It’s vital that the information provided on a proposal form is comprehensive and professionally presented:

•          Type it, don’t write it – if your presentation looks professional, insurers will take you more seriously. If you are unable to type your responses on the form, ensure your handwriting is legible. If a box is too small to fit the information, add an appendix.

•          Complete the form – if a question is not applicable, write “Not Applicable” rather than leaving the box blank as this may lead to your broker or potential insurer being unsure if you’ve forgotten to complete a section.

•          Fee split/activity breakdown – ensure this breakdown adds up to 100%. You may be surprised by how many submissions do not.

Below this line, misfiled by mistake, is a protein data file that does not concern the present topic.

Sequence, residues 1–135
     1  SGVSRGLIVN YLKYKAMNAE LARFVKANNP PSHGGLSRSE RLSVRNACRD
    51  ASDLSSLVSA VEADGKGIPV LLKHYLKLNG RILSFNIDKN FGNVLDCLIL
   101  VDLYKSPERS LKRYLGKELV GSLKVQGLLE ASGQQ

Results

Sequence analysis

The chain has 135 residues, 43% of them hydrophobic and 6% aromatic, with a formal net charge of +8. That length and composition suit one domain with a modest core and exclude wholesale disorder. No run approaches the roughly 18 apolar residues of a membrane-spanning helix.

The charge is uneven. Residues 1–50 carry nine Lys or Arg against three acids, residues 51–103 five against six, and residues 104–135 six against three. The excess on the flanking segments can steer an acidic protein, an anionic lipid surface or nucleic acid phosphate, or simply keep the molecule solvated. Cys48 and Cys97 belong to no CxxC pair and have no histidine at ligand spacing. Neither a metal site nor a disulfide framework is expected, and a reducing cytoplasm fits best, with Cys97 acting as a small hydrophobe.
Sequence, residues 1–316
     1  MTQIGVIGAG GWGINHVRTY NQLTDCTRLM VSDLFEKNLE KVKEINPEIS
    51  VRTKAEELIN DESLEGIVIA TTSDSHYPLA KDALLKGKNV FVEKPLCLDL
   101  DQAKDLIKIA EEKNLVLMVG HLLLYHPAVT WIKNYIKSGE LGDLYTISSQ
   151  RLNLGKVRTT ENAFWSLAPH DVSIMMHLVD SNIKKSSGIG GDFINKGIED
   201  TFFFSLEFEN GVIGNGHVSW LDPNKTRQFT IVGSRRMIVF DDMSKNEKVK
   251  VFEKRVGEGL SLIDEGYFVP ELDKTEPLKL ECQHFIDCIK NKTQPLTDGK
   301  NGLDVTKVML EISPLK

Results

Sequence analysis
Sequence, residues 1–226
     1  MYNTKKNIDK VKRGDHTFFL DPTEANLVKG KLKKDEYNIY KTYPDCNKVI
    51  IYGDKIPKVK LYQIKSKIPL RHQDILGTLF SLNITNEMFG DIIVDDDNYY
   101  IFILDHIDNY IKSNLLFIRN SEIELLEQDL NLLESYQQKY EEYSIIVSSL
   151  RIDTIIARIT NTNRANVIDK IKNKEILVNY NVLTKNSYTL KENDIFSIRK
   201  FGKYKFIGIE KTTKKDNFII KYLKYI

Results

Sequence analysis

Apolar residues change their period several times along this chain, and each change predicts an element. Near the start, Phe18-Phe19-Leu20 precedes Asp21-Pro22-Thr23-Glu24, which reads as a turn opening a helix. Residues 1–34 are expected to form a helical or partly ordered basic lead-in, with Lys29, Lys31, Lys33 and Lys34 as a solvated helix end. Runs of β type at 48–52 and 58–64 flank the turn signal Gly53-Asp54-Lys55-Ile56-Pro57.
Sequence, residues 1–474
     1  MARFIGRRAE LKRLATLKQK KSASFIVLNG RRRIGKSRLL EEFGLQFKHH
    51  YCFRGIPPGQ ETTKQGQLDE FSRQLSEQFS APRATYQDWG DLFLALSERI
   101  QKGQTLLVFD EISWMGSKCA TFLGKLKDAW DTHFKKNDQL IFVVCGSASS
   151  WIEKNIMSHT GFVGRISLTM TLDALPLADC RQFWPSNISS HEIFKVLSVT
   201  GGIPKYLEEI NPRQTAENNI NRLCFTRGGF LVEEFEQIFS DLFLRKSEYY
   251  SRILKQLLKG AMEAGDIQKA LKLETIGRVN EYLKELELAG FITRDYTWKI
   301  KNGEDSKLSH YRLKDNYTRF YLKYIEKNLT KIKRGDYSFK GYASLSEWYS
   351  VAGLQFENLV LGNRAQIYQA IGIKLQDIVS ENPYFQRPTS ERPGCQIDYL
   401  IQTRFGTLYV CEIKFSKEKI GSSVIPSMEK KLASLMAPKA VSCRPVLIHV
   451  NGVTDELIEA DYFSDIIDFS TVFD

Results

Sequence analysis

Fee income

If your fee income has increased or decreased, it is advisable to include an explanation in a covering letter as part of your submission.

If, for example, your fee income increased as a result of charging higher fees for your services, an insurer may assume your exposure has increased as you are carrying out more work, as opposed to carrying out the same amount of work, but charging more for your services. A good broker will argue that increased income should not affect the renewal quote as the level of exposure has not changed.

If your fee income has decreased, you should clarify why that is. Perhaps you had a large, one-off instruction that’s unlikely to be repeated so clarify any anomalies that could be questioned by an insurer.

Valuation banding

You can help to make the process run as smooth as possible if you are clear and concise.

If you carry out valuations for lending, provide a breakdown of valuations by property value. This helps insurers to better understand their exposure. For example, list the number of valuations you carry out for properties valued at GBP0-GBP500k, then GBP501k-GBP1m and so on.